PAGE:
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Junk Food Cravings Are Just as Bad for Your Wallet as They Are for Your Health

April 3, 2018, 4:50 PM UTC

A new study confirms what you likely already know: Few things can stop us from hunting down the foods we crave.

A study published Monday in the journal Proceedings of the National Academy of Sciences found that people are willing to overpay when they’re craving junk food — underscoring just how powerful these feelings are.

In one experiment, 44 non-dieters who had not eaten for four hours were asked how much they wanted 15 different snack foods, as well as how much they would pay for each item out of a $5 budget. Next, each person went through a multi-sensory experience meant to prompt cravings for one of three desirable foods: a Snickers bar, Cheetos or a Coke. They were then asked how much they wanted that particular item, and how much they would pay for it.

Not only did desire increase, but the researchers also found that participants were willing to pay an average of $0.66 more for the item they had been made to want, and an average of $0.26 more for similar snacks. When presented with less-similar (and, thus, healthier) items, such as a granola bar or pretzels, they were not willing to pay as much, suggesting that cravings operate distinct from general hunger.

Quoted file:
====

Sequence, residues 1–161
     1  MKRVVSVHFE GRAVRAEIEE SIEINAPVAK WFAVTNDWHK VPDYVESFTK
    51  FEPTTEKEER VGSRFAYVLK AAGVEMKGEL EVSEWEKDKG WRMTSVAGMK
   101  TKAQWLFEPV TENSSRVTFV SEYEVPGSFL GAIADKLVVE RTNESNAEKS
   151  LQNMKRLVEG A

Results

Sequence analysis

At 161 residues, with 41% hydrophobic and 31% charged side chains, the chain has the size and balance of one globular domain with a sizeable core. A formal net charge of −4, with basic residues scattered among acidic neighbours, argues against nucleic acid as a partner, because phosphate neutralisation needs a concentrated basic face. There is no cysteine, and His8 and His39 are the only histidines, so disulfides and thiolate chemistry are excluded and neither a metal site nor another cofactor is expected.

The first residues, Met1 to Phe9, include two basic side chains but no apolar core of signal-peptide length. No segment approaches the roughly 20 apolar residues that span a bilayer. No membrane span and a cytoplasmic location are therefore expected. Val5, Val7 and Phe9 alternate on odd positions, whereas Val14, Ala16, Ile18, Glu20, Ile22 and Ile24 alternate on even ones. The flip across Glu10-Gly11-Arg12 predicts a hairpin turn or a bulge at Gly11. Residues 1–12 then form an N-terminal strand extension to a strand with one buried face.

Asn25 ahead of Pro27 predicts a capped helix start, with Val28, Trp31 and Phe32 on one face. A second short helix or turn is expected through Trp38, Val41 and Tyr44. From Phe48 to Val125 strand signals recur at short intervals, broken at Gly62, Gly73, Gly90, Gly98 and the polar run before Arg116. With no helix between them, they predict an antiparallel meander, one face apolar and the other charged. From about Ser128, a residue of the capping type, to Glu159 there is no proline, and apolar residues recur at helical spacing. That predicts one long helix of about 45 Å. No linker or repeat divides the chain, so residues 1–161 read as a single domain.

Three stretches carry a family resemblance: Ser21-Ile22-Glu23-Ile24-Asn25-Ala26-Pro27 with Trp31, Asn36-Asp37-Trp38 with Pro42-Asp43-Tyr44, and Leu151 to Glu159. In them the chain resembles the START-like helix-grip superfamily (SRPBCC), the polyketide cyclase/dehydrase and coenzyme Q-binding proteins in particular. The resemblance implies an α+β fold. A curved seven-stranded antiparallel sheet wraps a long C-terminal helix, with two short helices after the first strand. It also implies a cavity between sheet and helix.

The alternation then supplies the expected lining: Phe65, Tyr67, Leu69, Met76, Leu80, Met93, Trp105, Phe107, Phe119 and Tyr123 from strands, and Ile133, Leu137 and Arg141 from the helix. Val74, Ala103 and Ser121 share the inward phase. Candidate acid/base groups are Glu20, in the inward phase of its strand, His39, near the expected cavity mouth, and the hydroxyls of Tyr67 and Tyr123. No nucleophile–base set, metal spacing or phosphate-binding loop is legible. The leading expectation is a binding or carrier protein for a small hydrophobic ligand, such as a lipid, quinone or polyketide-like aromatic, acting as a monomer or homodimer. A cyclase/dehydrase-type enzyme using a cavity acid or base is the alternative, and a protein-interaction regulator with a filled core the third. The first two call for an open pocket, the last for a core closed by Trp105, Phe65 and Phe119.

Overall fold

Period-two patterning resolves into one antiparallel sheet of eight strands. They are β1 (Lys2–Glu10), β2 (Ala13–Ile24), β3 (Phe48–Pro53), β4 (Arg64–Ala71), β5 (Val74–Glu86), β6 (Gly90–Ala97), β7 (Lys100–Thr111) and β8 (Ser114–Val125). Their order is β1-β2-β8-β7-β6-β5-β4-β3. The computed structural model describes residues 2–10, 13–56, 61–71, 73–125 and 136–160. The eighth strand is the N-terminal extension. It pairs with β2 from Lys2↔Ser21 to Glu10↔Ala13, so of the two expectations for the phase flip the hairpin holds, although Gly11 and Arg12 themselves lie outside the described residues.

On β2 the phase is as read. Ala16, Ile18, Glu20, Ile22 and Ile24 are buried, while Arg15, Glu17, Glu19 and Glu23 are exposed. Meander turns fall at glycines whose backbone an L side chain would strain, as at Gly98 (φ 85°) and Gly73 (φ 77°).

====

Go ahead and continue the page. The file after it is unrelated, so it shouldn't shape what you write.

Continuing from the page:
In a second experiment, the researchers repeated the process with 45 people. This time, however, individuals could opt to pay for one, two, three, five or eight “units” of whatever they’d been made to crave. This time, the researchers found that people were also willing to pay disproportionately more for larger quantities of whatever food they desired.

Taken together, the results demonstrate the power of cravings — whether for food or something else.

“Even if people strive to eat healthier or endorse drug-free lifestyles,” the researchers write in the paper, “craving could overshadow the value of health by boosting the value of unhealthy foods or drugs.”

On the bright side, however, the researchers estimated the effects of subjects’ cravings would dissipate within two hours, and potentially less time if “this good is not available, or when a person engages in self-regulation.” If you’re able to wait it out, then, you may be able to resist the lure of junk food.